As we prepare to release our SAI 25: World’s Most Valuable Startups list, we’re running through some final valuation numbers. One company that is a shoo-in for the list is Craigslist (yes, it has been around a while, but we’re defining “start-up” as private companies founded in recent memory that has yet to go public or sell out).
We’ve struggled to get formal business metrics for Craigslist, but ClickZ has summarized a recent report from Classified Intelligence that should help. CI estimates Craiglist’s numbers, but it has at least gone through the laborious process of counting listings, pageviews, etc.
So here are some metrics:
2007 Est. Revenue: $55 million
2008 Est Revenue: $81 million
Monthly Pageviews: 9 billion
Monthly Job Listings: 2 million
Monthly Ad Listings: 30 million
Let’s assume that each of Craigslist’s 25 employees costs about $125,000 a year, all in. That’s probably high–Craigslist is run like a non-profit–but it should be in the ballpark. This adds up to about $3 million of salary and other HR costs. Let’s assume that Craigslist will grow this year, and let’s assume that it spends another few million on prosaic costs like rent, insurance, travel, etc. Total estimated 2008 operating expenses: $7.5 million.
On the “cost of sales” line, let’s assume that Craiglist spends a boatload on servers and bandwidth to keep the site running smoothly. Craigslist’s content is not at all bandwidth intensive–all light text, no computation or transactive processing like eBay or Google–so this should keep its costs well below those of other huge global sites. Let’s call it $50 million a year. (This is probably high–grateful for any help in refining).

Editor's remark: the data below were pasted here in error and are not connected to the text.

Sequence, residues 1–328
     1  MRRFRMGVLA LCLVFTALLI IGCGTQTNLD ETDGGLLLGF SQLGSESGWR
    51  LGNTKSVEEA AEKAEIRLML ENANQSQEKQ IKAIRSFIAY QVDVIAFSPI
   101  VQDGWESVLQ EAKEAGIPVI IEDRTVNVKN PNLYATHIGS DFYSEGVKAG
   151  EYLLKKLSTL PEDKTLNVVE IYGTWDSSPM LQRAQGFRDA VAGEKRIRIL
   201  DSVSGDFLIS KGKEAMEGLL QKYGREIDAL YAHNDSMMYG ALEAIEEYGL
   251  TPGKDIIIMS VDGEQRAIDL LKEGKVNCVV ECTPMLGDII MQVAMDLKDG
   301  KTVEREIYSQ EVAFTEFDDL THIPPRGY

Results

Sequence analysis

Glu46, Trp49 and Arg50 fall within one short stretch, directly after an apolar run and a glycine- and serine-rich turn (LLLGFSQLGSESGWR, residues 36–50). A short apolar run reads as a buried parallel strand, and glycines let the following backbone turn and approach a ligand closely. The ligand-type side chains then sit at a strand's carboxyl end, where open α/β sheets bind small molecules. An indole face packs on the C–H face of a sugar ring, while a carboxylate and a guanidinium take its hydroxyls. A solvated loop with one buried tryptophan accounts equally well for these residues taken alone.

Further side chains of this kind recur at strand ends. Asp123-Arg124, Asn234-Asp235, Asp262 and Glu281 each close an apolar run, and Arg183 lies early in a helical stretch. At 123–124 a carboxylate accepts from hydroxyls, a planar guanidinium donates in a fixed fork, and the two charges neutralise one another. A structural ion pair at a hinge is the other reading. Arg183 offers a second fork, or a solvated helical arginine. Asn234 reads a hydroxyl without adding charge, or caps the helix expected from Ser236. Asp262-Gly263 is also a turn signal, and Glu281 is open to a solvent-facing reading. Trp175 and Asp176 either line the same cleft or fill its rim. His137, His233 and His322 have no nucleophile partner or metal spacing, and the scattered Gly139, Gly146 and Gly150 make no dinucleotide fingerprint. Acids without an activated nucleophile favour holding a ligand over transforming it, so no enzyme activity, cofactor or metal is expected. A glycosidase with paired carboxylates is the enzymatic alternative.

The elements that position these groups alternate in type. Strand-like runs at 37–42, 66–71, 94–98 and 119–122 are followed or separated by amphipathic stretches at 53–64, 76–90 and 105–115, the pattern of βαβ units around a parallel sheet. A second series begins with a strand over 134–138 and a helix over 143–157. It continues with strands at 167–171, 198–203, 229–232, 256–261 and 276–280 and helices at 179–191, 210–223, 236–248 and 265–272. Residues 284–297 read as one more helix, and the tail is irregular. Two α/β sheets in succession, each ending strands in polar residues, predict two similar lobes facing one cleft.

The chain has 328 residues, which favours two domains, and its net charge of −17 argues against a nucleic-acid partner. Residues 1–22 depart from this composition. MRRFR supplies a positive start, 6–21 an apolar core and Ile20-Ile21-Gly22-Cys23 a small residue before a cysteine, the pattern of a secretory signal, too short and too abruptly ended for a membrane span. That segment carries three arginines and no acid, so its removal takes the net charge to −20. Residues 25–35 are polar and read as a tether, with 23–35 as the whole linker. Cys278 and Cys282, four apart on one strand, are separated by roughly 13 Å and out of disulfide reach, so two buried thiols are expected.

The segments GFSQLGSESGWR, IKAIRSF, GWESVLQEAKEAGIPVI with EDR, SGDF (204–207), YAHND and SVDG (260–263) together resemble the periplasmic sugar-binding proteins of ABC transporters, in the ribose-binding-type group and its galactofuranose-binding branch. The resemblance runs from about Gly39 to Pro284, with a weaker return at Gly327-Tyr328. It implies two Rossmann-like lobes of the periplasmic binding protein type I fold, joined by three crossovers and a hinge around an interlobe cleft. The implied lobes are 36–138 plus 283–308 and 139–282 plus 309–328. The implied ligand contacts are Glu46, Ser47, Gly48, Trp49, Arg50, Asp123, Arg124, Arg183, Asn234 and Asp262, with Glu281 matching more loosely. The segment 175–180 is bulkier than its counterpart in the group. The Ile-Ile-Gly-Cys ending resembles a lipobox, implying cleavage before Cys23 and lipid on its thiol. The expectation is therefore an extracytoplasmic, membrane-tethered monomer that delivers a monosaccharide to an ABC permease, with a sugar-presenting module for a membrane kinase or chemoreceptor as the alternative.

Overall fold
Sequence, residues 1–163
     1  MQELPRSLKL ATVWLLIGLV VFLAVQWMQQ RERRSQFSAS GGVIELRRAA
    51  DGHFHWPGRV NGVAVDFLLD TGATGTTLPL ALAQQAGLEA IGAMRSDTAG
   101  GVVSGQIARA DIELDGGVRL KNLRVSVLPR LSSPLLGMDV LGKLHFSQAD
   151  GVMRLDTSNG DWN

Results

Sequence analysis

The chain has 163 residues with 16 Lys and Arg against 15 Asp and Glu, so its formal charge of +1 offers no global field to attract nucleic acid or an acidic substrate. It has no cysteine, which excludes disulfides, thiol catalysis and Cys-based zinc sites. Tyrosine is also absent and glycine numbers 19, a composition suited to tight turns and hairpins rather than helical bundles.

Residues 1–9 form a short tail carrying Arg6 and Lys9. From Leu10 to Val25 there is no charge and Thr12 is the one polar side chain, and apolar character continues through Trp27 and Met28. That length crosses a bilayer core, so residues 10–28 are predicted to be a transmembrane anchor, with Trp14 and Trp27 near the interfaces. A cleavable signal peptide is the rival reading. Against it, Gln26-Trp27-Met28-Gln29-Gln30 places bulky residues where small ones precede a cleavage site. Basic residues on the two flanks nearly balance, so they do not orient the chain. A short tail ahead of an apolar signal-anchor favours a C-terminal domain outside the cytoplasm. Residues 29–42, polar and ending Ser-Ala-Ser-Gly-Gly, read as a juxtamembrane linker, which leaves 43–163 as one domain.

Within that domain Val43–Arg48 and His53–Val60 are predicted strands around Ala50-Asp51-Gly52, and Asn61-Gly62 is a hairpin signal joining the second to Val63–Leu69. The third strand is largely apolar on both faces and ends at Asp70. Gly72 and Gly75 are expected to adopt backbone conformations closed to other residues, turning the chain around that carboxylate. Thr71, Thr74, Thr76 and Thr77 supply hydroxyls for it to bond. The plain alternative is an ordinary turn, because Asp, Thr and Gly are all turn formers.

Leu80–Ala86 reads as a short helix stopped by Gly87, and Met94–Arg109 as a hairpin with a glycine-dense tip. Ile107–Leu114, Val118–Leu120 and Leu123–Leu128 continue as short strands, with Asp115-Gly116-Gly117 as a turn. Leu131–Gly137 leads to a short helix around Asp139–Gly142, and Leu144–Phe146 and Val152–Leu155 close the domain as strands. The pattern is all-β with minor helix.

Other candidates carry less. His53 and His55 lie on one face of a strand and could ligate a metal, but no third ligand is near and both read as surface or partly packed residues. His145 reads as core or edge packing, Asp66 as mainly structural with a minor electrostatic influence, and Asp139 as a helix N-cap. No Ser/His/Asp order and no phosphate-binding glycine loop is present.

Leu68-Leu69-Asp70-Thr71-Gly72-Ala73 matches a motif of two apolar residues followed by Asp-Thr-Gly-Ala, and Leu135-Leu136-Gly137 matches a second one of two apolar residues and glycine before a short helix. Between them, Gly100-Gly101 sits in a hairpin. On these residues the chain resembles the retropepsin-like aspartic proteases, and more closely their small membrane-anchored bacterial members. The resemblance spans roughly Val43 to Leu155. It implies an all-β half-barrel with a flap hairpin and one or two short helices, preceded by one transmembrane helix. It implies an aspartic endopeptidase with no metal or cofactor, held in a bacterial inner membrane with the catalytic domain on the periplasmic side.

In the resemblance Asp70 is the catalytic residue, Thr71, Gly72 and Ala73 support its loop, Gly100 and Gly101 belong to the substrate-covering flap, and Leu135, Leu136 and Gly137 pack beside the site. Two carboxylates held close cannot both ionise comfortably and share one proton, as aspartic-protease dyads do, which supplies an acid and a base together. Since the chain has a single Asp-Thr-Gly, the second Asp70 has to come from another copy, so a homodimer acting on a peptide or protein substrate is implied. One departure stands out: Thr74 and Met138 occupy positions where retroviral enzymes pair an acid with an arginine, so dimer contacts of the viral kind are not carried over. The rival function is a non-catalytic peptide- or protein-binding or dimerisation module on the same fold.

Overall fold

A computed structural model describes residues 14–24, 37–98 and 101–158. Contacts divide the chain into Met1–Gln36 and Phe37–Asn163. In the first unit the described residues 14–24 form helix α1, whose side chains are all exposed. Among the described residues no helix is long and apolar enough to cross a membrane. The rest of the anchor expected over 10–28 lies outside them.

Add all that together and use the CI revenue estimate, and you have a business with about $80 million in revenue and, say, $25 million in operating profit. Apply a 10X revenue multiple and/or 25X operating income multiple, and you would have a company worth about $750 million. But obviously Craigslist is worth a heck of a lot more than that.
Craigslist’s Real Value
Why is Craigslist worth more than meets the eye? Because it’s run like a non-profit. Craig Newmark and co. don’t give a damn about generating revenue or profit, and more power to them. But if Craig ever want to sell Craigslist, he’d probably want to get something closer to true value for it–which means we need to think about the company’s real earning power.
Let’s assume that, instead of charging for job ads in only 11 cities, Craigslist charged for all job ads (currently 2 million a month). Let’s assume that it also charged for another 5 million of the 30 million ads on the site each month. Let’s assume that Craigslist users were so horrified by the outrage of being charged even a de minimus listing fee that two thirds of these listers stormed off in a huff so that the 7 million of paid listings dropped to, say, 2.5 million a month. And let’s assume that Craigslist charged its standard $25 job listing fee for all of them.
What would that generate in revenue? $62.5 million per month, or $750 million a year.
Let’s further assume that this outrageous affront to a minority of users–$25 per listing!–would require huge customer service and processing costs, so that Craigslist’s overall cost base jumped to $250 million a year. Then we’d have a business with $750 million in revenue and $500 million of operating profit.
Let’s put very conservative revenue and operating profit multiples on that–say 7X revenue and 10X operating profit–and we’re conservatively looking at a business worth $5 billion.
Thoughts? Speak now or forever hold your peace.
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